In Indian cuisine, jeera seeds are either used whole or in the form of a powder. There are two varieties of cumin commonly used for cooking - cuminum cyminum or jeera and cuminum nigrum or Shahi jeera. Jeera has long been used as a spice to add flavour to food due to the fragrant aroma from its essential oil content. But jeera possesses a number of health benefits too, and as a result, it is a commonly used ingredient in traditional medicine.
The Importance of Jeera
Jeera seeds have an excellent nutritional profile and are rich in fat, fibre, protein, minerals like iron, and vitamins B and E. Shahi jeera seeds contain a host of important minerals like calcium, iron, magnesium, potassium, sodium and phosphorus along with vitamin A.
The regular incorporation of jeera in the diet has been shown to stimulate the release of bile acid and digestive enzymes, thereby, aiding digestion.It also increases the activity of digestive proteins. What’s more, cumin oils have been shown to have an inhibitory effect on microbial growth in foods.As cumin is very dense in iron, one teaspoon of cumin can provide almost 20% of your daily iron requirements. It may also boost memory. Cumin's traditional use as a seasoning may restrict the growth of infectious bacteria and fungi. This may reduce food-borne illnesses
Jeera has also been shown to have anti-diabetic properties. A study demonstrated a reduction in fasting blood sugar with the administration of cumin for 24 weeks in people with non-insulin dependent diabetes. Cuminum cyminum is rich in antioxidants. Cumin seeds in particular, contain antioxidants like flavonoids and coumarins which help prevent degenerative diseases.
Easy Ways to Incorporate Jeera into Your Diet
The most common way to incorporate jeera in your diet is through curries and marinades. Jeera is often roasted, sautéed and used as an ingredient in masalas for many Indian dishes. There are other simple ways to incorporate this nutritious and beneficial food into your diet. You could try making a chaas with a bit of yogurt, water, salt and jeera powder. You could also prepare a spiced dip that can be enjoyed with pakodas or other snacks. To make this, crush a few garlic cloves, roast a bit of jeera powder and whole jeera, add these to beaten yogurt with a sprinkle of salt and voila!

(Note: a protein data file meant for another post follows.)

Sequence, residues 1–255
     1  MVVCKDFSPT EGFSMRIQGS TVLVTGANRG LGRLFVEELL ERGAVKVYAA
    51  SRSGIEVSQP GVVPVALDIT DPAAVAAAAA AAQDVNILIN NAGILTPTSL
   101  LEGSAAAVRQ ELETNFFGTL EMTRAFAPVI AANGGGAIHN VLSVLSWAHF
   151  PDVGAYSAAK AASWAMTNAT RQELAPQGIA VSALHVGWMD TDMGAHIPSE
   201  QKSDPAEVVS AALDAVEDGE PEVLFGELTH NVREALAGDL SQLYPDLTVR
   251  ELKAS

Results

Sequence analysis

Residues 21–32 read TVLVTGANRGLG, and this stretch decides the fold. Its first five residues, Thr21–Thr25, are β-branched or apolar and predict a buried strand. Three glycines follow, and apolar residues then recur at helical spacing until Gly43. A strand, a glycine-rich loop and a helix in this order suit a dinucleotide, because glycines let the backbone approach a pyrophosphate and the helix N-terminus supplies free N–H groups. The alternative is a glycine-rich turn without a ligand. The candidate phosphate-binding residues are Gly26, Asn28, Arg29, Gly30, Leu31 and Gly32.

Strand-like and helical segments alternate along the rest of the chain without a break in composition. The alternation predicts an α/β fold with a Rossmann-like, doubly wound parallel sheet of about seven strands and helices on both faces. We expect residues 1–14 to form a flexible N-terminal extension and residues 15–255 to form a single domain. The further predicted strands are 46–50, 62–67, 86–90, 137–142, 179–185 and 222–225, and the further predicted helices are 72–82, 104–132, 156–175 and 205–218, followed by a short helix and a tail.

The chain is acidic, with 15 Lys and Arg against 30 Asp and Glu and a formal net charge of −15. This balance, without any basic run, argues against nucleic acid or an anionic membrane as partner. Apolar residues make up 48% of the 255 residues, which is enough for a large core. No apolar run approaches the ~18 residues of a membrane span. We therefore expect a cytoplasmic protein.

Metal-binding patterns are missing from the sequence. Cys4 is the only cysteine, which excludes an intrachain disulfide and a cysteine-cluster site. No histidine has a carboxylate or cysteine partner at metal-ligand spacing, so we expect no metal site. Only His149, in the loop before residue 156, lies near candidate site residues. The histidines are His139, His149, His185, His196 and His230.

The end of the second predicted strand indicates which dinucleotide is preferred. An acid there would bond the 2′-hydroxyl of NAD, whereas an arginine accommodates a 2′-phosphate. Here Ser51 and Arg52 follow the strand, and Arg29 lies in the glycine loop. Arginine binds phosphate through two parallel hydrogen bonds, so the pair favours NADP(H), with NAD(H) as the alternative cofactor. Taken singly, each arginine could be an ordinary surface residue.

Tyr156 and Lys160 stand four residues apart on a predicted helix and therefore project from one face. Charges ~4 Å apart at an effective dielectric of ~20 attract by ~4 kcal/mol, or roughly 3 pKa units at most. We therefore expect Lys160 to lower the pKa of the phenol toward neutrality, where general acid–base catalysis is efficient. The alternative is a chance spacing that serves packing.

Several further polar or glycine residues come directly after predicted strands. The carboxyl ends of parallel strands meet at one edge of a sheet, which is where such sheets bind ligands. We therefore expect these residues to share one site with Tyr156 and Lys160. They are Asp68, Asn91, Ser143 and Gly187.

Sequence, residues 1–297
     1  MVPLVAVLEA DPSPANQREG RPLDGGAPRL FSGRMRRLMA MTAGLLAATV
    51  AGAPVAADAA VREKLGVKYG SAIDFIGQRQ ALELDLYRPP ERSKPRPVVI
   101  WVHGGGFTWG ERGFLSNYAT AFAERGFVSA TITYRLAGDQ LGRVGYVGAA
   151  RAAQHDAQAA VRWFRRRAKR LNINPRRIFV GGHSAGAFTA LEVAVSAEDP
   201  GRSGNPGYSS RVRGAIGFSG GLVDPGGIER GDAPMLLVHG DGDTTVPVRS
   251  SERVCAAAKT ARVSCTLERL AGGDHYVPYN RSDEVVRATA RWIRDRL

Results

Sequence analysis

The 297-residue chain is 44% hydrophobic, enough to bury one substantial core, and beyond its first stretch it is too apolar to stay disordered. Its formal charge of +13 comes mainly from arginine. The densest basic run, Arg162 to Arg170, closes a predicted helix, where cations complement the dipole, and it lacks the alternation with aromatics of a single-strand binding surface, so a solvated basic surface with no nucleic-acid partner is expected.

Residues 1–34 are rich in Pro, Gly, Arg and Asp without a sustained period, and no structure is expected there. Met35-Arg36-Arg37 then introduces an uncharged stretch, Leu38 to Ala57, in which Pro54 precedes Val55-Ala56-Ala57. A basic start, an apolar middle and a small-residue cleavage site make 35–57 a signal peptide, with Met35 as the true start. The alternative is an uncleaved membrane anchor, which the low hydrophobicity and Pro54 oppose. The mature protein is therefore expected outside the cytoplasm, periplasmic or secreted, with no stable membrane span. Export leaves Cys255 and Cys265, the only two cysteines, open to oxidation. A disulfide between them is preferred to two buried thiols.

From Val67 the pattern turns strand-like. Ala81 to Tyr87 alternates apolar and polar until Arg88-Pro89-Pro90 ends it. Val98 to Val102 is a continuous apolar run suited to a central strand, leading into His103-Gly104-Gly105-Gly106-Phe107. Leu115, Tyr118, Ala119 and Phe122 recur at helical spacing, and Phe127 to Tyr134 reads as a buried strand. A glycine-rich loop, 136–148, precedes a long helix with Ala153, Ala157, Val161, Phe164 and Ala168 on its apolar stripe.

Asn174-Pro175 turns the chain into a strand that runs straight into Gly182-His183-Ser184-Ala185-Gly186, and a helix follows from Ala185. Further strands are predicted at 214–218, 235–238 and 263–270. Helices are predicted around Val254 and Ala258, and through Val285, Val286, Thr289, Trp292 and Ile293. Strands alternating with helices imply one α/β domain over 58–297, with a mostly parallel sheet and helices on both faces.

Jal-jeera is a healthy, cooling drink that is great for those hot summer days. Take ¼ cup chopped mint leaves, ¼ cup chopped coriander leaves, 3 tbsp freshly squeezed lemon juice, 2 tbsp sugar, 1 tbsp chopped ginger, 1 tbsp roasted jeera powder, 1 tsp salt, 1 tsp rock salt and 1 tsp tamarind pulp. Blend these ingredients together with a little water, if required to make a smooth paste. Add a bit of water and blend again. Strain this mixture into a jug and add enough water to make 4 glasses of jal-jeera. Serve on ice, topped with mint leaves.
Whatever you’re whipping up, the ingredients you choose make all the difference to your nutrition. Be sure to choose pure, unadulterated foods. Try Tata Sampann Jeera Powder and make the most of all the natural goodness this spice has to offer. Stay healthy!
- Cumin (Cuminum cyminum) and black cumin (Nigella sativa) seeds: traditional uses, chemical constituents, and nutraceutical effects [Oxford Academic]
- Chemical composition and antimicrobial activity of cumin oil (Cuminum cyminum, Apiaceae) [NCBI]
- Antioxidant Activity and Protecting Health Effects of Common Medicinal Plants [Science Direct]
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